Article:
Is indoor air quality contaminated?
Most recently we travelled to Somerset where we were asked to carry out an assessment of indoor air quality in relation to selected biological and non-biological contaminants. The property was a residential building which dated back to the 1930’s. The current owners had occupied the property for approximately 13 years. One occupant reported that during this period she had not observed any adverse health symptoms however back in 2014 a leak developed to both chimneys which had resulted in relatively minor water damage to the first floor ceiling plaster. This damage did not result in mould growth but was repaired almost immediately.
After the repairs were completed the occupant reported a plaster-like taste in her mouth however she did not experience any coughing. Since the incident she regularly suffers from minor respiratory irritation and reduced or complete lack of taste. At the time of our assessment she was undergoing steroid-based treatment for allergic rhinitis and the ongoing treatment had significantly improved the symptoms. She was also allergic to penicillin.
The occupant believed that the adverse health symptoms intensified during periods of elevated temperatures and during the evenings when the house is more sealed. During the day the property is intensively ventilated and she spends a majority of the day outdoors. Adverse health symptoms appeared to be most intense in the kitchen, office and adjacent bedroom on the first floor.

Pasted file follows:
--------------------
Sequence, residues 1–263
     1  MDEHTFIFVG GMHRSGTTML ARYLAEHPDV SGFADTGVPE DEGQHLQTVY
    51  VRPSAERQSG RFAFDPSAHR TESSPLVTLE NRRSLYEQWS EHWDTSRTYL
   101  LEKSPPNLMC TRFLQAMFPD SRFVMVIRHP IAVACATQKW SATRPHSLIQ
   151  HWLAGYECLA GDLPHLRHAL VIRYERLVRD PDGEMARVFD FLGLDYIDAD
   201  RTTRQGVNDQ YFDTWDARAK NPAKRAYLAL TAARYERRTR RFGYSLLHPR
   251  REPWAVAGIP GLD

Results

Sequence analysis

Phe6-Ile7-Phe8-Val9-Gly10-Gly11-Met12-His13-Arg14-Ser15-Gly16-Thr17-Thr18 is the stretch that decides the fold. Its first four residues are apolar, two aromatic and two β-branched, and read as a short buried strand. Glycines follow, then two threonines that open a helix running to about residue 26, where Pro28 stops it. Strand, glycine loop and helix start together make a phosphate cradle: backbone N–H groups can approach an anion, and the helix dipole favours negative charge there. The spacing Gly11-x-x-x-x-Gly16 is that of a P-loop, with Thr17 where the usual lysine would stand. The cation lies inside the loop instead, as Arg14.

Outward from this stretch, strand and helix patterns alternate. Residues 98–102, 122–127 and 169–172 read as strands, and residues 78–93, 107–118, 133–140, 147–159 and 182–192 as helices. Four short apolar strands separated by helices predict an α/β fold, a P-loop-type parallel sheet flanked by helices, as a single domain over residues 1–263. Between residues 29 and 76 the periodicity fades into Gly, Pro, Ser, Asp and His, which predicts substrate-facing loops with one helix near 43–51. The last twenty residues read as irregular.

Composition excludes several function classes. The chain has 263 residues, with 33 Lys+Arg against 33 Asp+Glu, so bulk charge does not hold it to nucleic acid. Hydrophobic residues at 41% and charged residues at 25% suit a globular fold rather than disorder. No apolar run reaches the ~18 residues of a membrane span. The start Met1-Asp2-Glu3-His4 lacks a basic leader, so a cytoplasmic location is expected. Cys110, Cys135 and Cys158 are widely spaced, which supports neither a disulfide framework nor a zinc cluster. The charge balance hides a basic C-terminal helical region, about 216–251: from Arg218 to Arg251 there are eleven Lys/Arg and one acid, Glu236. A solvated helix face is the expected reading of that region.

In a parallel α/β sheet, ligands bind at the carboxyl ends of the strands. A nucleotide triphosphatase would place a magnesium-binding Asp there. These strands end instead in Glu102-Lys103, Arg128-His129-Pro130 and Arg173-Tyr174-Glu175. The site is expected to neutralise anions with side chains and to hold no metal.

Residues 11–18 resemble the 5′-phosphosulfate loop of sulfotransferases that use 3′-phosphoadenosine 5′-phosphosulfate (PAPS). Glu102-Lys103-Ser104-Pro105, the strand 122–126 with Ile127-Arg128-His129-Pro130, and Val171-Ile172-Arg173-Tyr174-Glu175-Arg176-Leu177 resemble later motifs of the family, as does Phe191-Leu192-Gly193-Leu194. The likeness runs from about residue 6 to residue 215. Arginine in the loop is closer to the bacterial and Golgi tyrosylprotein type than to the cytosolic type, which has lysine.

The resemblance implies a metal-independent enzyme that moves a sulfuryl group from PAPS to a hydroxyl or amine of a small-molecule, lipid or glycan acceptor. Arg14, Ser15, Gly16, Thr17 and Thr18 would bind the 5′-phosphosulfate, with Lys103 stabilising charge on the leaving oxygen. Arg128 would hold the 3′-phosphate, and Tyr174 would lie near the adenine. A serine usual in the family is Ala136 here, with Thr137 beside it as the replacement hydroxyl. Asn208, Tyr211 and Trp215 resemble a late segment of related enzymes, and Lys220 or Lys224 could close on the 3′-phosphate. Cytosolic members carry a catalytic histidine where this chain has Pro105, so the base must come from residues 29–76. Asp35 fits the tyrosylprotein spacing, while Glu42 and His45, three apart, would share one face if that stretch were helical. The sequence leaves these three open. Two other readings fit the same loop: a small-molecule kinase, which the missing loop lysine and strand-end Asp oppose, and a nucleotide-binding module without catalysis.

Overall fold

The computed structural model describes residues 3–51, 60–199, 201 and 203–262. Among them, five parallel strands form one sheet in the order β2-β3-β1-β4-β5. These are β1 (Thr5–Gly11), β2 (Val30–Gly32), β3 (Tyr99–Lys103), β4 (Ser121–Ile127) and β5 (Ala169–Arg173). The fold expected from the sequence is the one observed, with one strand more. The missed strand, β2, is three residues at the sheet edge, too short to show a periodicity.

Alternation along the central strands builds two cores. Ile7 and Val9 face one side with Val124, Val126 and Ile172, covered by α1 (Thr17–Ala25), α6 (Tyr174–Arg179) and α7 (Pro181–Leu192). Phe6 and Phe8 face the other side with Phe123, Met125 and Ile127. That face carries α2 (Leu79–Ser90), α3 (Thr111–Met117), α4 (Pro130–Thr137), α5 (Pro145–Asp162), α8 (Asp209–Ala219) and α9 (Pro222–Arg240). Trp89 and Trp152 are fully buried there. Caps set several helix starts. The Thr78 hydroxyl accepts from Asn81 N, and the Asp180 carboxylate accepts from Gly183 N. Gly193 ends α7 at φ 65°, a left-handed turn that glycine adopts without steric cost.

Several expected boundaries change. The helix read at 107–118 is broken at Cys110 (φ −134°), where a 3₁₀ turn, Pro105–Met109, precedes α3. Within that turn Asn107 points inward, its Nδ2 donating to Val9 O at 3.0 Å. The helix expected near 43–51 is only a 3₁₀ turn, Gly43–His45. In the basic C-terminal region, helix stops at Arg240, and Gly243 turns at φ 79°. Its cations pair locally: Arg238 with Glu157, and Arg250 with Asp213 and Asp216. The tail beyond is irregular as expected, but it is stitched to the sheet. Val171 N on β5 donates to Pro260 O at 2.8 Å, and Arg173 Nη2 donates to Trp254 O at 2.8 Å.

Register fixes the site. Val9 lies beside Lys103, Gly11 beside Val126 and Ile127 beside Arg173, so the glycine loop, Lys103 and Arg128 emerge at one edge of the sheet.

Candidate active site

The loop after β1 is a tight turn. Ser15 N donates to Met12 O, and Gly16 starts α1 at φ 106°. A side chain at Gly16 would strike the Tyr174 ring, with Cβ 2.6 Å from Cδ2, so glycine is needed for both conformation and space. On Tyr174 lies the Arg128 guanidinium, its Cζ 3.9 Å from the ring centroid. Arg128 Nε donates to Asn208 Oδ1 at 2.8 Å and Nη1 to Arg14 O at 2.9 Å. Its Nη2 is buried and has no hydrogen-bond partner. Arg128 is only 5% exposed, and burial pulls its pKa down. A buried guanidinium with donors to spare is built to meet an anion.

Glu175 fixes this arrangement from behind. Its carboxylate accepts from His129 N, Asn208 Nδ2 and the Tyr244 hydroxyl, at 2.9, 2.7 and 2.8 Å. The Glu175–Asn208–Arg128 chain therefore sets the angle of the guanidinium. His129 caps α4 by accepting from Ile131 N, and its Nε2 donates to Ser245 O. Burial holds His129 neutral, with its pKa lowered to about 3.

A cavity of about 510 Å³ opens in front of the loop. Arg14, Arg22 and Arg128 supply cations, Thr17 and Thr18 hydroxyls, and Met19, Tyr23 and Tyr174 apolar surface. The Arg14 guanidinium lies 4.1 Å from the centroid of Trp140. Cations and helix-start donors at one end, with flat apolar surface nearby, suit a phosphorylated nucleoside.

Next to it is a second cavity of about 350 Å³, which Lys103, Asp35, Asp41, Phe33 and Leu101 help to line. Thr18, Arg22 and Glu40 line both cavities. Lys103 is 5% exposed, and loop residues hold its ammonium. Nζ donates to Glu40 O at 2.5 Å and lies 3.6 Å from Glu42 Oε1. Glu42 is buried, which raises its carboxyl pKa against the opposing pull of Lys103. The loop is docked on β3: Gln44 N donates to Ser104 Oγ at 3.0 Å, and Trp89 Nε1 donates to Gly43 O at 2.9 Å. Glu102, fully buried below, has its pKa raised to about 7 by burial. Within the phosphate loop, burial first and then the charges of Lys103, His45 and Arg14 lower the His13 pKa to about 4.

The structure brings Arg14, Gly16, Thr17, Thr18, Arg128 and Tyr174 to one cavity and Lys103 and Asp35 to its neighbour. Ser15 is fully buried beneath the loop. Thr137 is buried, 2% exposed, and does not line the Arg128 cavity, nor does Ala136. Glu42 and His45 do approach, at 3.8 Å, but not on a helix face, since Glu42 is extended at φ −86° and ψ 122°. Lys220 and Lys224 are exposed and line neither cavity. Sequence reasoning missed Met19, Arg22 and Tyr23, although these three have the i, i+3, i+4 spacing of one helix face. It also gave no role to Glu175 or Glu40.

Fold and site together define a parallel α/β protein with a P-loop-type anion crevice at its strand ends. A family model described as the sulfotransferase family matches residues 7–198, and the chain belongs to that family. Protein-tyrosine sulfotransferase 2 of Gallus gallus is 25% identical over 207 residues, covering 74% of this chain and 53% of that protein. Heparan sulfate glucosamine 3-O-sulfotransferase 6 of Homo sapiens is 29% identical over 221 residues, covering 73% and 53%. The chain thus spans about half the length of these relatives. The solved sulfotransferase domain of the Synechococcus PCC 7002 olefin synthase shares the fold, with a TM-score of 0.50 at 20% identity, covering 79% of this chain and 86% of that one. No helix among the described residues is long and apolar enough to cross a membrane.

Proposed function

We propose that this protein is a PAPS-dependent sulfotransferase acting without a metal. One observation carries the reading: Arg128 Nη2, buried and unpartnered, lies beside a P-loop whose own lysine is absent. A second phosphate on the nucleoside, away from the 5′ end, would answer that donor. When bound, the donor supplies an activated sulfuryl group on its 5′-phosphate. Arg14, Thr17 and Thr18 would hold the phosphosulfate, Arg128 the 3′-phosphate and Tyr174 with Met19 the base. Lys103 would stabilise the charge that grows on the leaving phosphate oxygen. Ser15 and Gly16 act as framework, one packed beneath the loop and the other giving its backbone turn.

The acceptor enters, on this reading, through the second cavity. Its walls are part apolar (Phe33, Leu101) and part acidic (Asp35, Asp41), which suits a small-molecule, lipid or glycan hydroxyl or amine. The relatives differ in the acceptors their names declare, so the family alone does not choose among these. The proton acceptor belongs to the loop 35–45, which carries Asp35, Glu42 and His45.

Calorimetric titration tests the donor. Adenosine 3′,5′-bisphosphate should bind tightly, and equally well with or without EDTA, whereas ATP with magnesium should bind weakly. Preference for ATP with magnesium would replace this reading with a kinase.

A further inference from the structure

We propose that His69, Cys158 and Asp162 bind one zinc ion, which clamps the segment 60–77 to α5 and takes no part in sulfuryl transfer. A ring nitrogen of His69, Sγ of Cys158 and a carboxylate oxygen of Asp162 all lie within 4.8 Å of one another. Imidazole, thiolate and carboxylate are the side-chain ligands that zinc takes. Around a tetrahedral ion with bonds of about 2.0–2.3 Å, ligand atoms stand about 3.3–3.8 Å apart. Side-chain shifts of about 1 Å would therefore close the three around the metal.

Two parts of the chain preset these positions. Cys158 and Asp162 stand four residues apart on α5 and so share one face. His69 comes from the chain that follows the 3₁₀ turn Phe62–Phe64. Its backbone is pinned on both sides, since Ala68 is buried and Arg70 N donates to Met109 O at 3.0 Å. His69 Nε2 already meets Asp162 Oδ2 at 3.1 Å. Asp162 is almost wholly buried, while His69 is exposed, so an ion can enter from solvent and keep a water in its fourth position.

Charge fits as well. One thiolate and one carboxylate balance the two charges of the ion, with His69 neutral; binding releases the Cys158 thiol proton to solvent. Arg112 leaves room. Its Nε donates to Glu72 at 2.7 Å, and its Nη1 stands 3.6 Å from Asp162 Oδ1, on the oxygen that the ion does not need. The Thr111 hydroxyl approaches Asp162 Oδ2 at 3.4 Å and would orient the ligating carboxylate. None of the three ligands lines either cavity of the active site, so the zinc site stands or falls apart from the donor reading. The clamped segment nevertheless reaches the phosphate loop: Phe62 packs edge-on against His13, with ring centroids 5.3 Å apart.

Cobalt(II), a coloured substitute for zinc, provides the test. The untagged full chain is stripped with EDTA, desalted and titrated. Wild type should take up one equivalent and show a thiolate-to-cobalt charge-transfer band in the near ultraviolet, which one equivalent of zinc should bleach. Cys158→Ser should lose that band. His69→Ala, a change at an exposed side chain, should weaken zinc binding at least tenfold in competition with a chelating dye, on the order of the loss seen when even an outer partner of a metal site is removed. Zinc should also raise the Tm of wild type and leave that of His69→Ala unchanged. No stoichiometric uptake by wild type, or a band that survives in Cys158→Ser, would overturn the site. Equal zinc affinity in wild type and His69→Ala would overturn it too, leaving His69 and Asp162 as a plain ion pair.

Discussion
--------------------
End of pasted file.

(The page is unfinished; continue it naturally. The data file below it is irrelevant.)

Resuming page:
Are biological/non-biological contaminants to blame?
Our surveyor begun his assessment by means of a visual inspection of the property. This revealed that there were no visible areas of fungal contamination throughout the property. Our surveyor then used the moisture mapping process in order to locate areas of elevated moisture. This identified several areas of elevated moisture most significantly affected was the property entrance porch. The distribution of the moisture content in the wall construction was indicative of rising damp. The deterioration of the wall construction in this area is significant. Several other areas on the ground floor were also identified as having elevated moisture content most likely due to rising damp. In all of these areas the water damage to the wall construction is not significant and is mostly of cosmetic character.
So based on the results of moisture mapping, visual observation and microbiological sampling and identification it is our opinion that the most likely reason for adverse health symptoms is initial sensitisation of the occupant to elevated concentration of fine organic and inorganic dust and fungal spore which occurred during initial the water leak incident to the property chimneys. Continuous sensitisation might be a result of much lower concentration of contaminants than the one initial present in the environment. It has been observed that some openings to the chimneys were inadequately sealed. Open apertures into the chimneys are likely to be a source of fine particulate dust during periods of high wind.
What did we recommend our client?
We strongly recommended to clear the rooms of all the stored materials, remove wooden skirting boards and remove all deteriorated wall plaster. It is strongly recommended to appoint a qualified building engineer to identify the exact origin of the dampness and suggest appropriate remedial solution suitable for this type of construction. The room construction should be dried out using dehumidifiers once the underlying water penetration issue has been resolved.
We also strongly recommended that all the chimney apertures were adequately sealed, all water damaged materials removed from the rooms affected and if the symptoms persisted to remove all animals from the house. After all potential sources of irritants have been removed it is recommend to carry out a specialised deep clean of the property with the aim to clean the surface areas of dust, fungal spores and filtrate and neutralise the indoor air of all airborne contaminants.